For working parents, child care is a cost they often can’t avoid—and it’s an expensive one.
The cost of child care for two children is more than housing costs for homeowners with a mortgage in 35 states, according to a 2017 report by Child Care Aware of America. Massachusetts was the least affordable state for infant care in a daycare center, at an annual average cost of $20,125.
If you can’t afford to be a stay-at-home parent, here are four options for making child care less expensive:
In-Home Daycare Centers
Daycare centers are the most popular and the most expensive, mainly because they provide daylong care. A drawback for some parents is that they have a number of children at a center and don’t provide one-on-one care.
Infant care in a daycare center cost $10,926 annually in the United States in 2016. A more affordable option is an in-home daycare center at a provider’s home, which averaged $7,961 for infants in 2016. Annual costs for toddlers was $9,562 at daycare centers and fell to $7,398 at in-home daycare centers.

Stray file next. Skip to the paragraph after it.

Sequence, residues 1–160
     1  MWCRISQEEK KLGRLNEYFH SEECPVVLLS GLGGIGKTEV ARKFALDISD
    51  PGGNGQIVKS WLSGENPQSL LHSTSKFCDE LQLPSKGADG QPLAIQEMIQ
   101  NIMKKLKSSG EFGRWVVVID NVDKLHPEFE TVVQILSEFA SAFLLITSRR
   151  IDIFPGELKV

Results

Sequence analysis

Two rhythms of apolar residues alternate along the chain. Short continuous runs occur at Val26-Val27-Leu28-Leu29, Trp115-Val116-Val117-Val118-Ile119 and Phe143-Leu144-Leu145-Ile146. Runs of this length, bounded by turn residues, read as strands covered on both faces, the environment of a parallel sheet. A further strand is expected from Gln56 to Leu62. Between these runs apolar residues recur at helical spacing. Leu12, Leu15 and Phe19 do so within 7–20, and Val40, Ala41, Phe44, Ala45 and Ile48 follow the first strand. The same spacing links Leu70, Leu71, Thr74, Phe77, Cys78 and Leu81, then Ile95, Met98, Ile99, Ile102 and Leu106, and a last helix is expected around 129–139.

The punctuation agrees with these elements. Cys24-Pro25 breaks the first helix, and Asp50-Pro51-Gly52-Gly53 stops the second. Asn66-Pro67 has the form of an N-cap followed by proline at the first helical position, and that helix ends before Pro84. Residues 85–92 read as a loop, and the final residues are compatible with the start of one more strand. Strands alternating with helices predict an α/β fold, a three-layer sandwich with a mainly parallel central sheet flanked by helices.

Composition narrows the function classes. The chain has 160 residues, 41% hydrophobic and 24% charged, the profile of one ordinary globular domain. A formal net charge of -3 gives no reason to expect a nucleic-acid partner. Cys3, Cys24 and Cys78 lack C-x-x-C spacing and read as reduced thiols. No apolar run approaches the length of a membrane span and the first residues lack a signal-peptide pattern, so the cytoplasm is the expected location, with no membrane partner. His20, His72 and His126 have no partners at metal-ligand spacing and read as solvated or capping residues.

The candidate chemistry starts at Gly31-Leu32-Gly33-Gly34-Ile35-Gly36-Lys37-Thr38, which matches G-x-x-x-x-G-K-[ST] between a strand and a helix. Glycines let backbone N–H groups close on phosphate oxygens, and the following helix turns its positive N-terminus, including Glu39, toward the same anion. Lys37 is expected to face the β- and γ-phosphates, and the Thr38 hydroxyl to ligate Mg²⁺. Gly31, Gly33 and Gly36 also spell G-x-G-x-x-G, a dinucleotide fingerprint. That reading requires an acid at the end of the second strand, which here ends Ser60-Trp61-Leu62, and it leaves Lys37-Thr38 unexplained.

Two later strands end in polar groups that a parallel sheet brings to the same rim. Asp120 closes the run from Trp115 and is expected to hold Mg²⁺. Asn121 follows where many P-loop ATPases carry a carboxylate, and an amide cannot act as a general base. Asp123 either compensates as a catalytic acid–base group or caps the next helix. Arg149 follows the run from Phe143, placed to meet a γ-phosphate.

If you only need sporadic care, a babysitter who can come to your home can be inexpensive, depending on how often you need them.
The national average pay is $13.44 per hour. The average hourly babysitting rate is higher in cities with a high cost of living, according to a study by care.com. The rate was $16.65 in San Francisco, and babysitters in all 75 cities examined earned more than $11 an hour.
Meeting other parents at your child’s school or through playdates is a good way to learn how they save on child care. For example, you may find out that they’re available to take care of your child a few hours a day and are affordable. Or they may know a good and inexpensive nanny, babysitter or daycare center.
Your local Boys and Girls Club, YMCA and other organizations may offer a safe and fun place for your children to play during the day. The fees can be low, such as $90 a week.
These may not work for toddlers, but for children who don’t have a parent at home after school, they can be a place for them to hang out until their parents pick them up after work.